Hoene et al. examined the effect of motion on the performance of wireless links through a series of experiments with moving nodes [@Hoene2003:measuring]. They conclude that other factors such as modulation type, quality of power supply, environmental setup, and number of retransmissions may have greater impact on 802.11b performance than the motion itself. In general the greater the speed of the terminal the lower the correlation of loss events. In our experiments the nodes were not moving, i.e., movement only occurred between measurements; thus movement should only decrease the observed losses.


Radio aspects

One of the more active research areas has been in wireless voice services. Focus has mainly been in the areas of throughput and capacity issues of IEEE 802.11 networks. Casetti et al. present a framework that assumes variable rate speech coders at rates of 64 kb/s, 13 kb/s, and 8 kb/s [@casetti04:_improv]. Their rates are determined by an end to end control mechanism, based on measurements of packet delay and loss rates. Another approach is to look at the MAC protocol directly. Dong et al. propose and examine selective error checking (SEC) at the MAC layer of 802.11 [@dong04:_selec_mac_ieee]. They make use of the fact that speech bits can tolerate errors, but should be protected for optimal quality reproduction. Simulation results showed that the speech quality can be substantially improved by modifying the MAC layer with SEC to suit the Narrow-Band Adaptive MultiRate (NB-AMR).

Filali looks at a MAC tuning approach [@filali04:_dynam]. He exploits the properties of multimedia applications in IEEE 802.11-based wireless networks by limiting the number of retransmissions of a data frame by a source until the reception of a link-level acknowledgment from the destination.

In 2005, the IEEE approved QoS service enhancements for local area network applications called IEEE 802.11e. Garg et al. examines using the IEEE 802.11e protocol for voice applications [@garg03:_using_ieee]. The Enhanced Distributed Coordination Function (EDCF) has been proposed as a MAC protocol. EDCF assigns four different priority classes for incoming packets at each node which are called access categories (AC). Each AC has its own channel access function. This is in contrast to the standard Distributed Coordination Function (DCF) where packets all use the same access function to the channel. Access functions for different categories means assigning delay times, minimum contention windows, and the number of back-off stages for each type of service.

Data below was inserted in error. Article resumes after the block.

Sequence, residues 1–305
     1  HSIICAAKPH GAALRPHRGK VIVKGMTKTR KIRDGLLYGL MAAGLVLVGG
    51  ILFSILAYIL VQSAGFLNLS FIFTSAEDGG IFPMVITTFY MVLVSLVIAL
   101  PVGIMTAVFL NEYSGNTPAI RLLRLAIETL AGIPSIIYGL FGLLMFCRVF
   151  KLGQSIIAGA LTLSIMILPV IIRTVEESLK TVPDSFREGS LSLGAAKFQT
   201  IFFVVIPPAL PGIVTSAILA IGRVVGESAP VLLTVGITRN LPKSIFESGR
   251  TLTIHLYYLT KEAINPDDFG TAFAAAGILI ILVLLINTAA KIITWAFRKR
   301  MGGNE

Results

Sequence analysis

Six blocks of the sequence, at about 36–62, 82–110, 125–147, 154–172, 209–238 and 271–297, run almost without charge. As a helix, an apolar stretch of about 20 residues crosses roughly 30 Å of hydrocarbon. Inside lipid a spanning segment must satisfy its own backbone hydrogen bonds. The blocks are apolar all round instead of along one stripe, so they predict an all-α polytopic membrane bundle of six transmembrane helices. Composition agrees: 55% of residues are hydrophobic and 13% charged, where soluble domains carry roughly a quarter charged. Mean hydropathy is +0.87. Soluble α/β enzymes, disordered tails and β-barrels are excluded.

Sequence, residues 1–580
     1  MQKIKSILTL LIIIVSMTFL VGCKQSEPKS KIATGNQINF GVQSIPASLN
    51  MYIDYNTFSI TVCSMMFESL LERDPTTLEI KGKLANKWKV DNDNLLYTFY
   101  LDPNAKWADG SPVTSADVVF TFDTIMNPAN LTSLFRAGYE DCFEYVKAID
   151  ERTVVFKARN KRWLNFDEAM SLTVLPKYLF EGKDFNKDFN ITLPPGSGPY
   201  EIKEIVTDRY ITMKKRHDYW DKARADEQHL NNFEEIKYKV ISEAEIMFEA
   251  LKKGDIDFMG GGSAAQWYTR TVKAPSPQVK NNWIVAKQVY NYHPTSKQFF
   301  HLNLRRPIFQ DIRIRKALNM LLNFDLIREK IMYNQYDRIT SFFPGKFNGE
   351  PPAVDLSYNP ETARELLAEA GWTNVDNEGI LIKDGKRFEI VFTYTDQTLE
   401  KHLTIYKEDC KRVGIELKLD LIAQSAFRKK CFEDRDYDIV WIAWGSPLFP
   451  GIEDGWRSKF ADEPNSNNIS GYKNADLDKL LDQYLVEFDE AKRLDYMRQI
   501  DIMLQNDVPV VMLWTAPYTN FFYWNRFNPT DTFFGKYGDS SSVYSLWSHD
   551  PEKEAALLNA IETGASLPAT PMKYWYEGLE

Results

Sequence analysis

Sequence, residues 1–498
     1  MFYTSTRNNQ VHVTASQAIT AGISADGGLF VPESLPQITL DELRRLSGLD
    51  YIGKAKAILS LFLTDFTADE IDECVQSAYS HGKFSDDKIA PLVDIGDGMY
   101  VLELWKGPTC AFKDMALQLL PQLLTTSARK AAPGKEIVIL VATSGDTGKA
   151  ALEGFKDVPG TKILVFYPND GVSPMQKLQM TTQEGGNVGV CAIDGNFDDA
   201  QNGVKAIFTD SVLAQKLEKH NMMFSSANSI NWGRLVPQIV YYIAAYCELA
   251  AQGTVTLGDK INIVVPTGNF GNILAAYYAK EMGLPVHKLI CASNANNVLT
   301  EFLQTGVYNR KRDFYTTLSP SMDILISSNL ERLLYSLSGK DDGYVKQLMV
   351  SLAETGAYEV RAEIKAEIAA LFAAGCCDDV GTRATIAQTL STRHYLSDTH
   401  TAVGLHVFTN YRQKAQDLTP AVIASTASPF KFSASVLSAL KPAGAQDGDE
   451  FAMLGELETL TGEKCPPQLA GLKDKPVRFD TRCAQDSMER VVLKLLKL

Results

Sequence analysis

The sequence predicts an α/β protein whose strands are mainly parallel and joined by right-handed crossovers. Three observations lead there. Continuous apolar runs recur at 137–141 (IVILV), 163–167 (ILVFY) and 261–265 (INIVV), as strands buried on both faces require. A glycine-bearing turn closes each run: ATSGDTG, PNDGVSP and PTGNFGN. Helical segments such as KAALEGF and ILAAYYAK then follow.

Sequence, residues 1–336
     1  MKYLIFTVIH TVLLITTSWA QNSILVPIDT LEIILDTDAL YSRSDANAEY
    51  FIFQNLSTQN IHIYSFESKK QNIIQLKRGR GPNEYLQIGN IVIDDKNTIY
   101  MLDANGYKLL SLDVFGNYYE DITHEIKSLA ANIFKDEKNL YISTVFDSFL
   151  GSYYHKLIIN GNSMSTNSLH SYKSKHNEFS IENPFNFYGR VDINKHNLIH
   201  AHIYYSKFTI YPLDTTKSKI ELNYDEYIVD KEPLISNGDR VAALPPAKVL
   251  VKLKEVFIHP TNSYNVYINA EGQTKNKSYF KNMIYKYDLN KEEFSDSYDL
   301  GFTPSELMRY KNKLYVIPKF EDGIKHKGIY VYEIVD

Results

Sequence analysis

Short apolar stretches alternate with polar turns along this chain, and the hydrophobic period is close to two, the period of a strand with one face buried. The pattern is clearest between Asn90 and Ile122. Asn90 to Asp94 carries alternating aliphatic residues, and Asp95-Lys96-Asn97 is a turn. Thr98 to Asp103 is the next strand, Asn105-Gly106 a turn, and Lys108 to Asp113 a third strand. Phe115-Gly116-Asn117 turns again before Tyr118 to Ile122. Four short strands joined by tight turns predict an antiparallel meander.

Garg et al. looked at 802.11e’s ability to fulfill the goals of improved QoS and higher channel efficiency. They investigated the response of the protocol to options in the protocol parameters and showed that the Hybrid Coordination Function (HCF) reduces channel contention and provides improved channel utilization. Both MAC coordination functions, EDCF and HCF, are sensitive to protocol parameters which are dependent on the scheduling algorithms. They conclude that further investigations need to be conducted.

Kawata et al. propose a dynamic Point Coordinator Function (PCF) for improved capacity [@kawata05:_using]. They suggest two new media access schemes, dynamic point coordination function (DPCF) and modified DPCF (DPCF2). The claim is that the capacity of VoIP traffic can be increased by up to 20% in 802.11b networks. They show how a significant improvement in the end-to-end delay with mixed VoIP and data traffic can be achieved. Delay is maintained at approximately 100 ms in heavily loaded traffic conditions, whilst at 60 ms in normal traffic conditions.

Lindgren et al. [@lindgren03:_qualit_servic_schem_ieee] evaluate four mechanisms for providing service differentiation in IEEE 802.11
networks. The evaluated schemes are the PCF of IEEE 802.11, EDCF of IEEE 802.11e extension, Distributed Fair Scheduling (DFS), and Blackburst. Using simulation they looked at throughput, medium utilization, collision rate, average access delay, and delay distribution for a variable load of real time and background traffic. The simulations showed that the best performance is achieved by Blackburst. PCF and EDCF are also able to provide good service differentiation. DFS can provide relative differentiation and consequently avoids starvation of low priority traffic.